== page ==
Red light cameras produce enough revenue to even pay their own high costs of operation ONLY when the traffic lights are deliberately mis-engineered less-safely with yellow intervals set too short for the ACTUAL approach speeds of at least 85% of the vehicles.

    Speed cameras produce enough revenue to even pay their own high costs of operation ONLY when the posted speed limits are deliberately set less-safely at artificially low levels below the normal safe operating speeds of traffic.

    If the posted limits and traffic lights are engineered for maximum safety, the smoothest traffic flow, and the fewest accidents – then ticket cameras will not record enough violations to even pay their own high operational costs. Virtually no governments will use costly ticket cameras that lose money. The use of ticket cameras guarantees deliberately improper and less-safe mis-engineering of the speed limits and traffic lights. See our website for the science.

    If Minnesota residents do not want these predatory for-profit ticket cameras used, they need to immediately contact their Representatives and Senators to demand that the ticket cameras never be used in the state. Let your elected officials know this issue will strongly affect your future votes and you want only Representatives and Senators dedicated to never having ticket cameras in the state.

    James C. Walker, National Motorists Association

  • C Michael

    As someone who lives in downtown Minneapolis and walks quite a bit, I would love to see these cameras installed. In the 2 years I’ve lived here, I’ve witnessed 4 T-bone accidents and cant count how many times I’ve almost been nailed by some red light running moron. The people who run red lights are repeat offenders and need to be made an example of. In downtown Minneapolis, these cameras would have no problem paying for themselves over a small amount of time. If these camera’s are for profit like James claims them to be, then why not make money off these schmucks who run red lights?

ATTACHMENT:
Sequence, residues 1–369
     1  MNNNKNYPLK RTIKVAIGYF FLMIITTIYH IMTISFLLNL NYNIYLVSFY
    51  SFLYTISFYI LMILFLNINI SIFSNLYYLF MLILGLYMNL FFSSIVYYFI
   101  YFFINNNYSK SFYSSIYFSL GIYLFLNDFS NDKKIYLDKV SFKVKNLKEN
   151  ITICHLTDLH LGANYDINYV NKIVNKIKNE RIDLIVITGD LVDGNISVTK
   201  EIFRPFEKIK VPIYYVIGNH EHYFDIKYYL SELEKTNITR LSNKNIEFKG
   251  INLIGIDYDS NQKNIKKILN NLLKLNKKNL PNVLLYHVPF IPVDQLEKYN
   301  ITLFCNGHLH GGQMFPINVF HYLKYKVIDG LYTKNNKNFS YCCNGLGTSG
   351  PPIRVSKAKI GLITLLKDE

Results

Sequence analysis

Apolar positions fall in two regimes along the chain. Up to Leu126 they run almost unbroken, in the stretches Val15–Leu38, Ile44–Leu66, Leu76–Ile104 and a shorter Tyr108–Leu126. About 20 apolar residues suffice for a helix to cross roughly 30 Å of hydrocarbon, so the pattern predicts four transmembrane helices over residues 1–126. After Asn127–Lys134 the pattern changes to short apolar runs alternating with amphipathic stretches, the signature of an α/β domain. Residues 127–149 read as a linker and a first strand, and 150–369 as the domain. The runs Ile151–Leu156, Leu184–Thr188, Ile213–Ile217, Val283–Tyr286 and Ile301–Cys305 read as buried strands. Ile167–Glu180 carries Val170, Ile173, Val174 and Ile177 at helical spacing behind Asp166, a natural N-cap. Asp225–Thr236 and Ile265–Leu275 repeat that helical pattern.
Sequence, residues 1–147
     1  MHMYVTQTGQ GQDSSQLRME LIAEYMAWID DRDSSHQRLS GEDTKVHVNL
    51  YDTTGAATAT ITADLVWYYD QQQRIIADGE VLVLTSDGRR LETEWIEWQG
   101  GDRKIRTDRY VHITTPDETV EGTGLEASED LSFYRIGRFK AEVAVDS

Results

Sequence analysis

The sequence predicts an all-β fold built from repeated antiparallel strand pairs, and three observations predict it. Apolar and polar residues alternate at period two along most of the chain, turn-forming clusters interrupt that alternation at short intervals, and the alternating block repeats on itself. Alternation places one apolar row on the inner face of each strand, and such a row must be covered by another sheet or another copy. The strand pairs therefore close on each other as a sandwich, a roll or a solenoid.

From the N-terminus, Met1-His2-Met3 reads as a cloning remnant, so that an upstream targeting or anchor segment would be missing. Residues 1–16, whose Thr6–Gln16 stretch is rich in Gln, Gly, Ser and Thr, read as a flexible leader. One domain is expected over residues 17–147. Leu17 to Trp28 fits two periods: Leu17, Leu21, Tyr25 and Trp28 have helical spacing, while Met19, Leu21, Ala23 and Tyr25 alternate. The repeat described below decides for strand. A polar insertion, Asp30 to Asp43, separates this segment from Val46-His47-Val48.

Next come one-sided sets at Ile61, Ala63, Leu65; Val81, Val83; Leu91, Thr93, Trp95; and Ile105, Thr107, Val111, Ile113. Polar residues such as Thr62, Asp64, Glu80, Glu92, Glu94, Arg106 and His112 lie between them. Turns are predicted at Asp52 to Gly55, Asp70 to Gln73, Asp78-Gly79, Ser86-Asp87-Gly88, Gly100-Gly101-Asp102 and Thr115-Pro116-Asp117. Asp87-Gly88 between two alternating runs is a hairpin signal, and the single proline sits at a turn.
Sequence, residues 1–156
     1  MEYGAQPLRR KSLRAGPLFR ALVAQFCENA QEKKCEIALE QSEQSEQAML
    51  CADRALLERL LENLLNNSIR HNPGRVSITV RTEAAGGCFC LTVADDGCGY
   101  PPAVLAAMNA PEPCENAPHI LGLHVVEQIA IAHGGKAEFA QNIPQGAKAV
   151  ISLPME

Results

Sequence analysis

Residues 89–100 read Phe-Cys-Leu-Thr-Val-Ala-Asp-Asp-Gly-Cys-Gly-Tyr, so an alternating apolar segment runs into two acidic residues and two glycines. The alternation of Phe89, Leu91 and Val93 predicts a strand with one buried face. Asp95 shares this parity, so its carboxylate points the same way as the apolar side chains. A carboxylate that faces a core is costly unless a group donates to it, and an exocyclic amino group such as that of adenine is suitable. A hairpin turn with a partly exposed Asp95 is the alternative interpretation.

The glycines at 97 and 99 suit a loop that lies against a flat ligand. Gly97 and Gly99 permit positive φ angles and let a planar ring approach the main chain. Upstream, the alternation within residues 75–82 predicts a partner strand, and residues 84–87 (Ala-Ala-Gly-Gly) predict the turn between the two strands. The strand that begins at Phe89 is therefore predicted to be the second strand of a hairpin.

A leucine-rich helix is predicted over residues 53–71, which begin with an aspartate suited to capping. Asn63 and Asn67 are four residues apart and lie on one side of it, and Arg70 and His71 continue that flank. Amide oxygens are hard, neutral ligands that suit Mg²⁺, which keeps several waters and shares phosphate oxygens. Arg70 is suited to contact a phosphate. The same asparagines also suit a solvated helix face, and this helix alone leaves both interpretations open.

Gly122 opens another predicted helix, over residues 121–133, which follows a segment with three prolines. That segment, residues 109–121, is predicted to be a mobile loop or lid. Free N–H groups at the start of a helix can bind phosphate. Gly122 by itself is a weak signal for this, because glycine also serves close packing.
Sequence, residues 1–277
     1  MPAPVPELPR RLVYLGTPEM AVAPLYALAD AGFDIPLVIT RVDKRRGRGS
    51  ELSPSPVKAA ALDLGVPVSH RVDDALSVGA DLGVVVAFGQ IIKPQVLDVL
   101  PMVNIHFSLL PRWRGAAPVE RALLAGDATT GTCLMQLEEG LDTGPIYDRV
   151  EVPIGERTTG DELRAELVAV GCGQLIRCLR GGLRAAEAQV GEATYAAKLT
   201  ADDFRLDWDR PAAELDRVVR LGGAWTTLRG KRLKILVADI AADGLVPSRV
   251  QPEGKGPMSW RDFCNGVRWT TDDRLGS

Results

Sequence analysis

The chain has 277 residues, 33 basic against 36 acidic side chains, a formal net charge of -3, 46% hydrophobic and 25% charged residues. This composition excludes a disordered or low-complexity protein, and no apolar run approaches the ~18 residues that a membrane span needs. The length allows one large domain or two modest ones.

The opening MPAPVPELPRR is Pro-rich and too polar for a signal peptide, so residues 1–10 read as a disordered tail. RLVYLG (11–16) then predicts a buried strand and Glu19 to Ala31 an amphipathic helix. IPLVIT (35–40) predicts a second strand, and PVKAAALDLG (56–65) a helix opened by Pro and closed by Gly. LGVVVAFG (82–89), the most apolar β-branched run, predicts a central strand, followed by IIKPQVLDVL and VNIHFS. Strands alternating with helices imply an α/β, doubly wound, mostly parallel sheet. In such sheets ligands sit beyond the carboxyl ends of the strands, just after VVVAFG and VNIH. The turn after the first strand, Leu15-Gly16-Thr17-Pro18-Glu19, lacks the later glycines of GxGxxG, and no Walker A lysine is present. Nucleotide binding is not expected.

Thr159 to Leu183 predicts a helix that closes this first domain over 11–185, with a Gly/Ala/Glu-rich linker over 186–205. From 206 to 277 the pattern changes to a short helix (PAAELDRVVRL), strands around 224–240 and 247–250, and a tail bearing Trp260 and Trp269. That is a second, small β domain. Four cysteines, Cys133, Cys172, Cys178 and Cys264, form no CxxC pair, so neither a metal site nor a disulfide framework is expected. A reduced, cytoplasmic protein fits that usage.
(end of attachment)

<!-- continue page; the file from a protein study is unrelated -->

• Marianne

    Ah, but it’s okay now because they can invade your privacy outside AND inside your car.

  • Curtis

    “RLC tickets are linked to the registered vehicle owners, like parking tickets.”

    Exactly. That is the problem. RLC tickets show up as a moving violation for the owner of the car, not for the driver who committed the violation. Moving violations increase the price of insurance, parking tickets do not.

    It is unconstitutional to charge an owner of a car with a moving violation unless you can prove that the owner is the one committing the infraction. RLCs don’t do that.

  • Curtis

    RLC may be okay of they can fix the right-on-red problem. Turning right on red light is legal in Minnesota. But RLCs will blindly ticket you for it, without any regard for whether a turn was safe and advisable that a real, present officer would provide.

  • Steve

    As for the comment by Curtis on February 14, 2013 12:06 PM, technology will allow the RLC to determine if the car turning right on red has made a compete stop or not. I am in favor of RLC’s and please expedite this bill! Thanks.

  • GTI BRO

    I strongly oppose this bill! I try not to run red lights, but it does happen on occasion since the duration of yellow lights varies from city to city. Let’s at least coordinate the duration of yellow lights between cities and then engineer the timing a little better on major roads before this is ever considered.